So Why Doesn’t Democracy Work?
A lesson in rentier economies and the resource curse
- Colonial legacy and its modern day influences
When the French, British, and Italians colonized their spheres of influence, they appointed Arab men who they believed could best govern in their stead. However, due to the shallow monetary intentions of the Western powers, they failed to implement democratic ideals into their spheres of influence.
Western greed was contagious due to the seemingly huge rewards through oil and ruling with brute force. These practices carried on in ensuing regimes rather than creating open-ended competition in politics and diversifying state economies. Any rival parties were jailed, overthrown, or killed. A byproduct of this were longstanding rulers who ruled for decades and passed down their power through appointments or blood-heirs.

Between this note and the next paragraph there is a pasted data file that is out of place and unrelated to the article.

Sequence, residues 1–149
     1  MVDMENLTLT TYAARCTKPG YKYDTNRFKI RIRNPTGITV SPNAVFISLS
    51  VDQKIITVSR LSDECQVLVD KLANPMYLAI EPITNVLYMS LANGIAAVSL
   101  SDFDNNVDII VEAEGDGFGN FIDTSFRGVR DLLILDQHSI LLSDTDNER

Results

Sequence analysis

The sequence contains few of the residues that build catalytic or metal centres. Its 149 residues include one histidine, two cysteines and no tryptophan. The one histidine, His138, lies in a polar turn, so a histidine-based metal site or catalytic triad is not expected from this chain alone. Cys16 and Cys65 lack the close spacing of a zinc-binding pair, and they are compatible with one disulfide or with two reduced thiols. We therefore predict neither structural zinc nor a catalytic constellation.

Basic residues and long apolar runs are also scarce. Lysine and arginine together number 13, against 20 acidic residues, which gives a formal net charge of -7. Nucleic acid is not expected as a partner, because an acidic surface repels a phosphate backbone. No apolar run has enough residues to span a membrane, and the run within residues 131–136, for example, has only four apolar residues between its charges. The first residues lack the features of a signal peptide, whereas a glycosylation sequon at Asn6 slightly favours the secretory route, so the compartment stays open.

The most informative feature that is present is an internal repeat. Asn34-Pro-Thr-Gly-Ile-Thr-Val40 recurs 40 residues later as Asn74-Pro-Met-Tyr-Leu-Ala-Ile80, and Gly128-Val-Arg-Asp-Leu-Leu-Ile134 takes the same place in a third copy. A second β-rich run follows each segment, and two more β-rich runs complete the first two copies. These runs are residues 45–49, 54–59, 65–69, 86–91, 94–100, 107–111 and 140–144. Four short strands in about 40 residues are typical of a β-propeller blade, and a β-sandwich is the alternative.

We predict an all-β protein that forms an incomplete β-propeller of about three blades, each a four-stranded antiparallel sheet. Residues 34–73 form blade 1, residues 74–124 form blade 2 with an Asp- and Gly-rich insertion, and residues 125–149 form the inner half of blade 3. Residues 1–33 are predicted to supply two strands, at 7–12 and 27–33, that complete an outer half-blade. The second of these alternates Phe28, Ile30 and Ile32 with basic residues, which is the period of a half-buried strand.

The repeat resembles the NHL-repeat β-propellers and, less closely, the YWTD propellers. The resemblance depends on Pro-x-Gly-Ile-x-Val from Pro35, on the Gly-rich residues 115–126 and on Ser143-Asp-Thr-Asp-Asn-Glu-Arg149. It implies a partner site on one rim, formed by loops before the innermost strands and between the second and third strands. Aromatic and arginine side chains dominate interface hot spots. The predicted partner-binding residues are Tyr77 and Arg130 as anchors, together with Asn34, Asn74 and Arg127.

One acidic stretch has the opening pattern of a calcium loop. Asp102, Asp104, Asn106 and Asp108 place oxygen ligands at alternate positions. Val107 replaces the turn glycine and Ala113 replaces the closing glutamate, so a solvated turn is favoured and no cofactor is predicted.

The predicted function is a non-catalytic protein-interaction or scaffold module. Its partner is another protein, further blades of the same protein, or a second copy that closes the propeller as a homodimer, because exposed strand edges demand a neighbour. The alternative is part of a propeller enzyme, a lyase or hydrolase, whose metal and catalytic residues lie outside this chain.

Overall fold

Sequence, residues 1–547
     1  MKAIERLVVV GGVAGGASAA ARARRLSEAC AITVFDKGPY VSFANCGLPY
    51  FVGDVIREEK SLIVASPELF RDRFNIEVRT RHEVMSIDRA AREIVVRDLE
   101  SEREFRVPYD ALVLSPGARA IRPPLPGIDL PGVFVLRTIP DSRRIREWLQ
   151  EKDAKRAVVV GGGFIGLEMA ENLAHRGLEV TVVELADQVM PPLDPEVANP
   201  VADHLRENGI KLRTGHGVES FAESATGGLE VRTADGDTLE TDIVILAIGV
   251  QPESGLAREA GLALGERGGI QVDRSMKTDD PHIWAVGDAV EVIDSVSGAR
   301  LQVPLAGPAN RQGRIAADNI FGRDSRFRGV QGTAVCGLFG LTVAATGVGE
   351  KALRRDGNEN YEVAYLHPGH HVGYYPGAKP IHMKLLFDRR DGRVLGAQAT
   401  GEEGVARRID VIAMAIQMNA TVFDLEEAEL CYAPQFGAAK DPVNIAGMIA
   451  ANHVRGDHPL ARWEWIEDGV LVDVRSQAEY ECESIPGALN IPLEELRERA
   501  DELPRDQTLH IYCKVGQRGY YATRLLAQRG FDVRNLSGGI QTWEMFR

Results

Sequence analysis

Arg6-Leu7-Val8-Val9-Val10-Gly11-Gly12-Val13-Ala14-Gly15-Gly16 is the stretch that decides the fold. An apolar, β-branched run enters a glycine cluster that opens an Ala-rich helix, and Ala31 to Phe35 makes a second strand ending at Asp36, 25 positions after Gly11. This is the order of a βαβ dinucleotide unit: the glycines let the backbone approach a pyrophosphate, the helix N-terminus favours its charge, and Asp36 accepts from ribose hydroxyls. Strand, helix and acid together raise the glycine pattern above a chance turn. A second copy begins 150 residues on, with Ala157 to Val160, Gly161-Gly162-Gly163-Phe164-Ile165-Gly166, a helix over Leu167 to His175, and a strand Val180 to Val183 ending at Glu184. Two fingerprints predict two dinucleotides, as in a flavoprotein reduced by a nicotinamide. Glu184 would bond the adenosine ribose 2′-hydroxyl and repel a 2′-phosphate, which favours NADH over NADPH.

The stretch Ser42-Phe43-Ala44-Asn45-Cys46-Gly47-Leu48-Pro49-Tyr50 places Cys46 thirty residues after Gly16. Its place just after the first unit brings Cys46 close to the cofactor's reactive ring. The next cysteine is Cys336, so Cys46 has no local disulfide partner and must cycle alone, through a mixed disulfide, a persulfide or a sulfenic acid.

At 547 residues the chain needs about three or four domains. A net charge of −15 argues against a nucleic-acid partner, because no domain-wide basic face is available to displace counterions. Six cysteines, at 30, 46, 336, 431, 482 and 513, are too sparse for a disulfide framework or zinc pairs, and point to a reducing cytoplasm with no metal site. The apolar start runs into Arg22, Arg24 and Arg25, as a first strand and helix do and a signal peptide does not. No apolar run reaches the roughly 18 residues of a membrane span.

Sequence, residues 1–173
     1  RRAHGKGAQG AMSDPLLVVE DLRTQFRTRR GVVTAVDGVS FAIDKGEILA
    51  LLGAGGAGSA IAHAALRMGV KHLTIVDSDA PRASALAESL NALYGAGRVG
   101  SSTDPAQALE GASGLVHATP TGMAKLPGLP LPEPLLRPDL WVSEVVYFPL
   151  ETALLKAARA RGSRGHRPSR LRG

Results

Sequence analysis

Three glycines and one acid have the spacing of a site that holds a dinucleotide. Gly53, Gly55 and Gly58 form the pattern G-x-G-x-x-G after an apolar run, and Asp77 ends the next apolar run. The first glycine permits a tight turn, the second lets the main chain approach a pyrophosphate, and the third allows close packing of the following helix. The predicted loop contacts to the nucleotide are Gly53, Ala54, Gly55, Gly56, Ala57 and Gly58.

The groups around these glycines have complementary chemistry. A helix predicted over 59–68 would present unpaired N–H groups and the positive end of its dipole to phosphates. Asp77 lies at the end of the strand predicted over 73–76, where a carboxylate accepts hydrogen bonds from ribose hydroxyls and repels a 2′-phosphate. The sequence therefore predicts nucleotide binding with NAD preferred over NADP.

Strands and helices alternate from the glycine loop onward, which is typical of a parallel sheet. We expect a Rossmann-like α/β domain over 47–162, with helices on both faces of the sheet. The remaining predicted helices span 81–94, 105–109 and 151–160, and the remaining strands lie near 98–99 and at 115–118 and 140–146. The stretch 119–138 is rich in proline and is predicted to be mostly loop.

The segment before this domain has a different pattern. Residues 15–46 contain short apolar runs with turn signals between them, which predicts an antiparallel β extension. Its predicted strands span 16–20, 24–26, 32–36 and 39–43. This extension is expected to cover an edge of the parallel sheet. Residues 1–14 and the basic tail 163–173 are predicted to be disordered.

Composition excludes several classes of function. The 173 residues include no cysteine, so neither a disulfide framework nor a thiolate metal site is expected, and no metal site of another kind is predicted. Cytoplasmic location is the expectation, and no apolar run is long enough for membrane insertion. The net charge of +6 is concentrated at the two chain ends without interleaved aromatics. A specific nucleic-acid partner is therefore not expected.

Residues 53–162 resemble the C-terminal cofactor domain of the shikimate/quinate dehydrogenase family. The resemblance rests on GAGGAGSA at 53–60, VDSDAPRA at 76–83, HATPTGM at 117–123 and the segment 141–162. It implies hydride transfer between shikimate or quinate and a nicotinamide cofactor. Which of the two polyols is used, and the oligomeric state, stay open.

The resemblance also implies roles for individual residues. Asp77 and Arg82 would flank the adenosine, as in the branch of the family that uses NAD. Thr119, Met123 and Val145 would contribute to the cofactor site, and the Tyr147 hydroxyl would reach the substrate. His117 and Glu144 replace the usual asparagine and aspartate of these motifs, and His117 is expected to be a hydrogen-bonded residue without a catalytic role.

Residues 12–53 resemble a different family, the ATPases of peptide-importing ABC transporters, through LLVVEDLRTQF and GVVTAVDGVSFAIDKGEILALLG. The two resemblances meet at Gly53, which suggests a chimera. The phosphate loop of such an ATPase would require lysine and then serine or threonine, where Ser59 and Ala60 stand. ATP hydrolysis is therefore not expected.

- Dependence on oil economy
After the discovery of oil, the elites of Middle East states knew there would fortunes to be made. Rather than use their oil to diversify their economies, they used it as a tool to create an autocratic rule of law. This was due to foreign investment or what some scholars call “rents” (See: Rentier Economy). In other words, the state does not produce revenue for the country. Foreign investment funds the state’s coffers. I will go into detail about how this relates to governance in the following points.
3. Opaque government
Resource-rich countries’ government and elites adopted an indifferent attitude towards their citizenry because they do not rely on the population for tax revenues. In economies like ours; governments will tax citizens, who in return demand that they receive representation, benefits, and rights from the government.